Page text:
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Having cancer is like having an infestation of termites. They come in uninvited, take over and devour all that they can. If termites were gradually eating away at your home, crumbling the foundations, crawling through your pipes, eating away at the surface, who would you call? Joe Handyman? No you’d call a professional, someone who specializes in the diagnosis, treatment and removal of pest damage. Having cancer is no different.
The problem is that you’re now stepping into a totally unknown world. In the same way that there are many different professionals to take care of your home, there are multitudes of doctors and surgeons who can take care of your cancer. Most people would immediately think, “I need an oncologist ” and yes, they should always be your first stop. But for many a specialist is what they really need.
For example, if your primary care physician said your knee needing replacing, would you expect him or her to do it? In the same way, there are hundreds of cancer specialists, most likely many of whom, you’ve never even heard of. Before my diagnosis, I never knew gynecologic oncologists existed. Why would I, unless someone close had needed one? So here’s the thing, there is a specialist oncologist for pretty much every cancer you can think of.
At this point, all you oncologists out there are probably turning red and wanting to strangle me, but let me tell you, I have the greatest respect for you. There are many cancers that can be diagnosed and treated in an oncologist’s office; testicular cancer is one. But sometimes you need both. I have both an oncologist and a gynecologic oncologist. One gives me specialized care and treatment, the other investigates side effects, treats them and is close by in an emergency. She also holds my hand when I need it, which is pretty often. They both fulfill different roles.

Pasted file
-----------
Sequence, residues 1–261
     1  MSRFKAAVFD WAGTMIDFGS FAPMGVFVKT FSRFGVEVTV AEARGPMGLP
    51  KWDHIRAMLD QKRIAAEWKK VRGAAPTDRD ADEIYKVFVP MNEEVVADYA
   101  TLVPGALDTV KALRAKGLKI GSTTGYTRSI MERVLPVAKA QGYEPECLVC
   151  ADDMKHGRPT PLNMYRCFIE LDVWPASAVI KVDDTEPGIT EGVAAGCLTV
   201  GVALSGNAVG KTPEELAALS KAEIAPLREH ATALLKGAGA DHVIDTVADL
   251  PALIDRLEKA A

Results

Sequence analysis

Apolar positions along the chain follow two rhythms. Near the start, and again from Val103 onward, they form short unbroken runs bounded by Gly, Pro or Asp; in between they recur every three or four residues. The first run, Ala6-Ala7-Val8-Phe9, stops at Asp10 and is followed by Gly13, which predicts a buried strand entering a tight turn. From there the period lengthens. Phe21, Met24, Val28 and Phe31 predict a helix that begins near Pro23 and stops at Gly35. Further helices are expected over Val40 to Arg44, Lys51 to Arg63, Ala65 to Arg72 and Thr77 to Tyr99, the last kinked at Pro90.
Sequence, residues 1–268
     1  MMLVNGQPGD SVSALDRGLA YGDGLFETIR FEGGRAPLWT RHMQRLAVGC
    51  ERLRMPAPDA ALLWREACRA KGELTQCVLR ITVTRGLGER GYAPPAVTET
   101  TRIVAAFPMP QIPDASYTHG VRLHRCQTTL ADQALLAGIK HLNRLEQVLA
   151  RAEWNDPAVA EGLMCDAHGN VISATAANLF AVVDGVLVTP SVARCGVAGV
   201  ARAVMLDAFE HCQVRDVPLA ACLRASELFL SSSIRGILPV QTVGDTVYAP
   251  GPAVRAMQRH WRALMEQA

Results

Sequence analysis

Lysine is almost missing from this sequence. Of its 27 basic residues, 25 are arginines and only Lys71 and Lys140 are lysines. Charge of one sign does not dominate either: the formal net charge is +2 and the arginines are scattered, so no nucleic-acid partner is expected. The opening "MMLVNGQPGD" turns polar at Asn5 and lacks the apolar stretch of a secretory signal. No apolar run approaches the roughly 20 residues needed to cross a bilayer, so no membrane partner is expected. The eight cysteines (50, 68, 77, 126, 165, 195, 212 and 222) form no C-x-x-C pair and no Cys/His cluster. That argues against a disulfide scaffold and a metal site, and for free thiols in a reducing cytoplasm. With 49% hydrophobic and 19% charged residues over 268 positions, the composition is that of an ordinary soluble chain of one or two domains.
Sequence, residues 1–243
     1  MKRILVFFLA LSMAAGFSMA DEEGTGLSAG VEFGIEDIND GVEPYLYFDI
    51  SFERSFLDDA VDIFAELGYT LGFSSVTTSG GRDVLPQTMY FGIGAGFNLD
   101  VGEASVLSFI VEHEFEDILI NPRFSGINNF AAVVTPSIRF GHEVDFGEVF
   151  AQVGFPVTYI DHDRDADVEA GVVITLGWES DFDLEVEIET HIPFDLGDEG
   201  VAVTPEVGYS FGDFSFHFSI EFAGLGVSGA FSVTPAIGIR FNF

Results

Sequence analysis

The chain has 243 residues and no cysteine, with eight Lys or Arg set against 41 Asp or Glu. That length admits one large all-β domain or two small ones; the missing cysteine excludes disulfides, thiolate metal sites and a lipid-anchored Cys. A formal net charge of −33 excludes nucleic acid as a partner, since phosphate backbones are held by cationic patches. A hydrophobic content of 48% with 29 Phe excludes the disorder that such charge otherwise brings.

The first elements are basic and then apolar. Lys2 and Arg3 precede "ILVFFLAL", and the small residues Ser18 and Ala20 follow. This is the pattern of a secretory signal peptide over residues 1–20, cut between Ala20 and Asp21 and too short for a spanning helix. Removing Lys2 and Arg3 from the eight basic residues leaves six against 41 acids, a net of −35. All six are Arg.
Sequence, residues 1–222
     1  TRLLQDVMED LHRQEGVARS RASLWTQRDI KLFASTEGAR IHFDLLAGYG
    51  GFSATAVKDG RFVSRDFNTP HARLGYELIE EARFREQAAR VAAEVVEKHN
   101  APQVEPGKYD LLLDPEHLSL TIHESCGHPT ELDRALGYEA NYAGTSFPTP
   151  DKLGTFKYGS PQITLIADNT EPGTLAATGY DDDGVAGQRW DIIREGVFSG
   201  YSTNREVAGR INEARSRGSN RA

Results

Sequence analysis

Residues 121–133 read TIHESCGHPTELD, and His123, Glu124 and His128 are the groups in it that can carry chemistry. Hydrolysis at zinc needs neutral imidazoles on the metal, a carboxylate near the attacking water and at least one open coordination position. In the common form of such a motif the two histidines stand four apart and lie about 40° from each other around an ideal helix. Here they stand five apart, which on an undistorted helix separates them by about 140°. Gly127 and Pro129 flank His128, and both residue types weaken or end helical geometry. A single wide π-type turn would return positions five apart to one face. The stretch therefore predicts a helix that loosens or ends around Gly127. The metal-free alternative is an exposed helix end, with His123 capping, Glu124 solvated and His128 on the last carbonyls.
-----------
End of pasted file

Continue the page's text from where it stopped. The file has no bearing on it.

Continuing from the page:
“So what’s your beef?” I can hear you asking. Well the problem is, every week I hear of someone who has been operated on, or given treatment by, a general surgeon or doctor. When you hear that big ‘C’ word, you’re first thought isn’t going to be “now who’s the specialist in this?” I can tell you from experience, your brain is just going to freeze. That’s why everyone out there, who could potentially be a spouse or friend in the room when that happens, needs to know that question. Because here’s the point. Would you really want your operation done by a general surgeon, who may see a couple of cases a year, or by an oncologic surgeon who sees hundreds?
During my operation, even my specialist surgeon knew she’d reached her limit when she found a large tumor in my diaphragm. She called in an emergency thoracic surgeon. If it wasn’t for her expertise, experience and persistence, others surgeons might have given up on me and closed me up. I can tell you, without any doubt whatsoever, that I wouldn’t be here today, without her expertise.
So Joe Handyman may be able to get rid of your termites for a while, but when they come back six months later, won’t you wish you’d called a specialist instead?